Large traditional clinical trials suggest that sodium-glucose co-transporter 2 inhibitors improve symptoms in patients with heart failure and reduced ejection fraction (HFrEF) and in patients with heart failure and preserved ejection fraction (HFpEF). In the midst of the Coronavirus Disease 2019 pandemic, we sought to confirm these benefits in a new type of trial that was patient centered and conducted in a completely remote fashion. In the CHIEF-HF trial ( NCT04252287 ), 476 participants with HF, regardless of EF or diabetes status, were randomized to 100 mg of canagliflozin or placebo. Enrollment was stopped early due to shifting sponsor priorities, without unblinding. The primary outcome was change in the Kansas City Cardiomyopathy Questionnaire Total Symptom Score (KCCQ TSS) at 12 weeks. The 12-week change in KCCQ TSS was 4.3 points (95% confidence interval, 0.8-7.8; P = 0.016) higher with canagliflozin than with placebo, meeting the primary endpoint. Similar effects were observed in participants with HFpEF and in those with HFrEF and in participants with and without diabetes, demonstrating that canagliflozin significantly improves symptom burden in HF, regardless of EF or diabetes status. This randomized, double-blind trial, conducted without in-person interactions between doctor and patient, can serve as a model for future all-virtual clinical trials.
Subject(s)COVID-19 , Heart Failure , Sodium-Glucose Transporter 2 Inhibitors , Ventricular Dysfunction, Left , Canagliflozin/pharmacology , Canagliflozin/therapeutic use , Heart Failure/diagnosis , Heart Failure/drug therapy , Humans , Patient-Centered Care , Quality of Life , Sodium-Glucose Transporter 2 Inhibitors/therapeutic use , Stroke Volume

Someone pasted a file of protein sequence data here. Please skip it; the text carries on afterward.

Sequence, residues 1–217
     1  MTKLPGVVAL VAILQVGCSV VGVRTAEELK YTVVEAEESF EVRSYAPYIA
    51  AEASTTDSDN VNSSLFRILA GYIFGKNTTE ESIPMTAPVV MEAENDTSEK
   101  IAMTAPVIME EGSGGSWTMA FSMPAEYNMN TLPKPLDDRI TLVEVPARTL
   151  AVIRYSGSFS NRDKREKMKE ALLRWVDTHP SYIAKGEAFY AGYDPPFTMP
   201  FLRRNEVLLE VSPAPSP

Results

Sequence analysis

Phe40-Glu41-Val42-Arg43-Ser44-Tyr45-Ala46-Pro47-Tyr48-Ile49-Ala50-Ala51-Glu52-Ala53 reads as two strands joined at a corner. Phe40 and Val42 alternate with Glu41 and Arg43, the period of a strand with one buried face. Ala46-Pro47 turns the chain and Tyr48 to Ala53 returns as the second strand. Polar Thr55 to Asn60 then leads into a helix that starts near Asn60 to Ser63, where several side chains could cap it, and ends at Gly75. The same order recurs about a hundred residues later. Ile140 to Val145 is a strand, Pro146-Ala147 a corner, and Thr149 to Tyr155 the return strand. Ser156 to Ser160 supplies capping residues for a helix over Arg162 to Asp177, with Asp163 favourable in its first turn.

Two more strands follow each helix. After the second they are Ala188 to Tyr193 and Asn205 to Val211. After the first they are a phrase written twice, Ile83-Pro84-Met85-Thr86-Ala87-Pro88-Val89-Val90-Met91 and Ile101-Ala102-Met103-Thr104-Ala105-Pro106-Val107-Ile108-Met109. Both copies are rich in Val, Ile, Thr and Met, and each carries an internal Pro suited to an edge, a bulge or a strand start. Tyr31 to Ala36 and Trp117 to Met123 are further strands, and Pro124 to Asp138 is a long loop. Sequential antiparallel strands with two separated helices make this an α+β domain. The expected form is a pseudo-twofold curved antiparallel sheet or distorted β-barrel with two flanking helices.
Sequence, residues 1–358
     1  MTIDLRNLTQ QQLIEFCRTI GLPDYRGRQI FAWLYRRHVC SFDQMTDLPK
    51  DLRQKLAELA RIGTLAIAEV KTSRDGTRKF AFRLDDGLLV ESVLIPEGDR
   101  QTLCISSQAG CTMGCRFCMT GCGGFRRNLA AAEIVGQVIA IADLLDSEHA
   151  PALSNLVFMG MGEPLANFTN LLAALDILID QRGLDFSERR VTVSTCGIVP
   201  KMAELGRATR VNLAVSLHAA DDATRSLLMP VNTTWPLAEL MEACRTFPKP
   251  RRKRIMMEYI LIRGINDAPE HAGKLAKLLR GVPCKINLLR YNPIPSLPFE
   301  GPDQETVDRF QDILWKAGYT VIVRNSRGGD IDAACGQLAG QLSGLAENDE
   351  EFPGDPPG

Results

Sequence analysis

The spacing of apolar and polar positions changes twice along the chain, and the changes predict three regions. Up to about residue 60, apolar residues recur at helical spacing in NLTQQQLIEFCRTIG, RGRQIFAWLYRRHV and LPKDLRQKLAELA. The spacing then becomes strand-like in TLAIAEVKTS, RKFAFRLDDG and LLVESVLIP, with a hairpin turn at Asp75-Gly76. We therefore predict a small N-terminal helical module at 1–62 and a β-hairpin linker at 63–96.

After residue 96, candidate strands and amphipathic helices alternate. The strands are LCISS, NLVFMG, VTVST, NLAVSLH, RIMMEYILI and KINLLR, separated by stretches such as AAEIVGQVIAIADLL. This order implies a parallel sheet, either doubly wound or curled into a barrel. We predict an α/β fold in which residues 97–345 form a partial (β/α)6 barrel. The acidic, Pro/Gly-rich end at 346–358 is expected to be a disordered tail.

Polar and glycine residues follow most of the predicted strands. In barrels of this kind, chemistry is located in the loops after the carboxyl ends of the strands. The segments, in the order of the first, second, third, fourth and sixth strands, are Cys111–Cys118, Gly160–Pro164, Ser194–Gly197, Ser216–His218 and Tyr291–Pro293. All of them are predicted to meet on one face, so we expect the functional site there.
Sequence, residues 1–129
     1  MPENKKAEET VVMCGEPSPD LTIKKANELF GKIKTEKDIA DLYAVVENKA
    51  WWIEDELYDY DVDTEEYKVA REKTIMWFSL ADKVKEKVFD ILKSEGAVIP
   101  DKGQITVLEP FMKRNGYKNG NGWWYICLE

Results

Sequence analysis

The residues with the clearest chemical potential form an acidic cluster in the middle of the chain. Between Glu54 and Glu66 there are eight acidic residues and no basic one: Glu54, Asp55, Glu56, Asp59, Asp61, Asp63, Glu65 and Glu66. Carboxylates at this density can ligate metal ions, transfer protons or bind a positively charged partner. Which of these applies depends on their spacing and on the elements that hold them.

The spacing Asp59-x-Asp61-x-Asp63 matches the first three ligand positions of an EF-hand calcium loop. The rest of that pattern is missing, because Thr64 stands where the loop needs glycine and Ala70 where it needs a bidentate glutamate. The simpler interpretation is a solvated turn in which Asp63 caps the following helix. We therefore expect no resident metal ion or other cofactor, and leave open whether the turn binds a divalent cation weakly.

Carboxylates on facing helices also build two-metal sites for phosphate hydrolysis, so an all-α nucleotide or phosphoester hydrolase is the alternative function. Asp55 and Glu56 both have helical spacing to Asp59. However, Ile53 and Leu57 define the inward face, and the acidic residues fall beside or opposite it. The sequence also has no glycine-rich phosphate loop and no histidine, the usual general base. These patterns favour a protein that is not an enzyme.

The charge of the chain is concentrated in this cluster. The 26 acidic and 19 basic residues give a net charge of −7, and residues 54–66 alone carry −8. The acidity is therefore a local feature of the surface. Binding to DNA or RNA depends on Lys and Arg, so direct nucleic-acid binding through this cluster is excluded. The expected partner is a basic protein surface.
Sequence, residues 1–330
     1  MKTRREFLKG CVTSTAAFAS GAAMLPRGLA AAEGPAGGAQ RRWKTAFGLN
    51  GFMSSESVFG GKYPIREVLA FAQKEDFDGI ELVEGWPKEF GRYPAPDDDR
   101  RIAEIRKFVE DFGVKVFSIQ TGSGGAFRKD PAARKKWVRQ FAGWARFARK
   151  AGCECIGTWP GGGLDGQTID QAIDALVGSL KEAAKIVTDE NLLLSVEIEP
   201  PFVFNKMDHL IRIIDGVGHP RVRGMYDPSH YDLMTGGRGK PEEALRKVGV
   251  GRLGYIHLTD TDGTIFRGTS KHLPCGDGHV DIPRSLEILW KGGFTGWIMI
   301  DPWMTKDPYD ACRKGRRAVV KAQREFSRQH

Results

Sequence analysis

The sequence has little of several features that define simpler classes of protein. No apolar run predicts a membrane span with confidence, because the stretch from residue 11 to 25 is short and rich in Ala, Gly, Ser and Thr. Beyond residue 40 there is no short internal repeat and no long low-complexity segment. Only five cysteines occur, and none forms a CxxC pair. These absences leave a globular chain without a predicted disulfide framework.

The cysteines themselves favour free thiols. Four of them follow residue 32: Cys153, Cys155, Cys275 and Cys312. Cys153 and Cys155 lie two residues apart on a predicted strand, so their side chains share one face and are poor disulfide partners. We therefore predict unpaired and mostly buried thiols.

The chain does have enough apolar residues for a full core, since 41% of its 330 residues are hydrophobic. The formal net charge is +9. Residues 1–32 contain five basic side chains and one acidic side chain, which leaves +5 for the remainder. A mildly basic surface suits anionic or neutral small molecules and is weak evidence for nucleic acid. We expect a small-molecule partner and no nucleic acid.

To date, drugs to attenuate cytokine storm in severe cases of Corona Virus Disease 2019 (COVID-19) are not available. In this study, we investigated the effects of intragastric and atomized administration of canagliflozin (CAN) on cytokine storm in lung tissues of lipopolysaccharides (LPS)-induced mice. Results showed that intragastric administration of CAN significantly and widely inhibited the production of inflammatory cytokines in lung tissues of LPS-induced sepsis mice. Simultaneously, intragastric administration of CAN significantly improved inflammatory pathological changes of lung tissues. Atomized administration of CAN also exhibited similar effects in LPS-induced sepsis mice. Furthermore, CAN significantly inhibited hypoxia inducible factor 1α (HIF-1α) and phosphofructokinase-2/fructose-2,6-bisphosphatase 3 (PFKFB3) protein levels in LPS-treated lung tissues. These results indicated that CAN might attenuate cytokine storm and reduce the inflammatory symptoms in critical cases in COVID-19. Its action mechanism might involve the regulation of HIF-1α and glycolysis in vivo. However, further studies about clinical application and mechanism analysis should be validated in the future.